December 05, 2013

The Gift Of Not Giving A Thing


I can't stop thinking about this article, written by Christella Morris on Huffington Post recently, and I really needed to share it with you too.


I spend a lot of time thinking.  Sometimes I wonder if my views on gifting are really OUT THERE. 
I know for sure that there are many people who don't, or won't agree with my gifting philosophy, and that's perfectly OK with me. The more I think and write about it, the more passionate I am about #slowgifting, the art of making gifts, supporting handmade business, local business and gifting time and experiences like this.

Inevitably, my conversations around mid-November go a little something like this:

How's your Christmas shopping going?
Me: "oh, well I'm pretty much finished"
FINISHED? (often followed by a long pause)
Me: Well, yes.  I love the holidays and I spend a lot of time planning what I'm going to gift.  I plan my gifts far in advance and do a lot of my shopping in the summer, and online. It's kind of my happy thing.

Other person usually either a) drops conversation or b) tells me how little they have completed.

Sometimes these interactions leave me feeling guilty, which (I know) is ridiculous. Why should I feel badly about something that makes me really happy? Something that I'm good at? Something that (I hope) brings joy to the lives of others?

Here's one thing I feel I know for sure.  Giving gifts should NOT be stressful. Giving a gift should be something that makes you feel real joy at making another person happy.  I should mean something to you, and to the other person.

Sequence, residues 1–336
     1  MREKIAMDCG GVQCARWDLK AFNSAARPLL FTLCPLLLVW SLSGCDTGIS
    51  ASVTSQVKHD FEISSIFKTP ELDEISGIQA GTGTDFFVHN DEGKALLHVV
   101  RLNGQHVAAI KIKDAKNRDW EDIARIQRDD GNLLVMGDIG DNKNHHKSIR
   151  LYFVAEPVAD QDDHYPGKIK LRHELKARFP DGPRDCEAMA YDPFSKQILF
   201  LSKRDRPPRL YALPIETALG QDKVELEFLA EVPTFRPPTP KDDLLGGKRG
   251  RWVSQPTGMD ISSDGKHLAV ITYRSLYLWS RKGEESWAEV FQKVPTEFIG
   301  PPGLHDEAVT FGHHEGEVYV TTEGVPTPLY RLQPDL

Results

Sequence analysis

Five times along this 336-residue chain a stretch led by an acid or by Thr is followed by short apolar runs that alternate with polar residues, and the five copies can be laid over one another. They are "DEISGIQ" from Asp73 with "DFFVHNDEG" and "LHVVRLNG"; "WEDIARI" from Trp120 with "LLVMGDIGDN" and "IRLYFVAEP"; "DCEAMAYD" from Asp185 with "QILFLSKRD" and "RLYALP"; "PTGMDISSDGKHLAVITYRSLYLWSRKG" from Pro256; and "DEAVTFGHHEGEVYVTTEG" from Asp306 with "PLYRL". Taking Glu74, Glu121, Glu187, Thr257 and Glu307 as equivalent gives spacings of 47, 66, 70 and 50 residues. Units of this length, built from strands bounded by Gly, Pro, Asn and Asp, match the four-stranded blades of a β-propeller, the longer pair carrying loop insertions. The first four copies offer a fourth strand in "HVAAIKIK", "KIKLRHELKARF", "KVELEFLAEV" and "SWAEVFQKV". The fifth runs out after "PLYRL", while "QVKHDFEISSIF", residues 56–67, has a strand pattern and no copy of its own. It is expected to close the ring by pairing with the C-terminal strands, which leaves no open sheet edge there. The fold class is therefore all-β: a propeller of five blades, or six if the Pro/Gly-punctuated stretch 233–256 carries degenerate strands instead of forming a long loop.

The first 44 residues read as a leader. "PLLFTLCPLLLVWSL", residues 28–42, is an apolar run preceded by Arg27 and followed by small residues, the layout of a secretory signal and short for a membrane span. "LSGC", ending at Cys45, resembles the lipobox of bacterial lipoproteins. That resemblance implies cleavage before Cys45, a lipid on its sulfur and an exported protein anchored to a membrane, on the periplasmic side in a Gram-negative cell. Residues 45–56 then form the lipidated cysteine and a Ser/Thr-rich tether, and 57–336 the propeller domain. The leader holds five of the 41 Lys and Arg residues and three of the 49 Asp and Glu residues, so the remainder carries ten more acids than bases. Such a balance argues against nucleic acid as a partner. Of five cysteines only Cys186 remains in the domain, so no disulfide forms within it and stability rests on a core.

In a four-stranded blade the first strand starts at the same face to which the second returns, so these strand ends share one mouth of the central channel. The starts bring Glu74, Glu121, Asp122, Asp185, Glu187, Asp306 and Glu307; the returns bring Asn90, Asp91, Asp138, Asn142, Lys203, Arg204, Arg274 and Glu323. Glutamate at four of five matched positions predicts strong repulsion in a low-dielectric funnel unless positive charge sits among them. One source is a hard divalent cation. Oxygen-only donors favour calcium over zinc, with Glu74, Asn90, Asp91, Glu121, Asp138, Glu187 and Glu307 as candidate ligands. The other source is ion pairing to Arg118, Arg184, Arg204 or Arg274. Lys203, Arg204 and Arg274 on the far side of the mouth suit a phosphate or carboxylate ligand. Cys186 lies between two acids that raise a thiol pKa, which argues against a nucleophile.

Another thing I know for sure.  If you would like to follow this philosophy of "The Gift of Not Giving A Thing" with my daughter, (or with me, for that matter), it would be extraordinarily meaningful.

If you have a child in your life, and you are not sure what to gift, really think about this as an option.  Ask the child's parents what they think - it may not be "acceptable" to all, but I'm willing to bet that there are many parents out there who would consider the gift of time and experiences an amazing gift.

We need more of this in our world.  What do you think?

2 comments:

  1. I think this is wonderful, Alison, and you should not feel guilty! I too tried this year to start my holiday shopping early, buying locally made handmade items when I've been at craft shows and such (and been doing the same thing for baby gifts for friends!) I agree, that giving gifts should not be stressful (and I don't know how this time of year became so full of stress, which is the opposite of what it should be), and we need more of giving the gift of time and experiences rather than things. (Some of my family members, I have, noticed, actually do appreciate experiential gifts much more!)

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  2. I'd definitely like to get to this point. I love the idea of slow gifting, but I'm finding I'm not giving myself enough time to make it happen. I do usually end up finding something very meaningful and/or handmade, but I'd rather not stress myself out about it all, which often happens. More ease if gifting, I love it!

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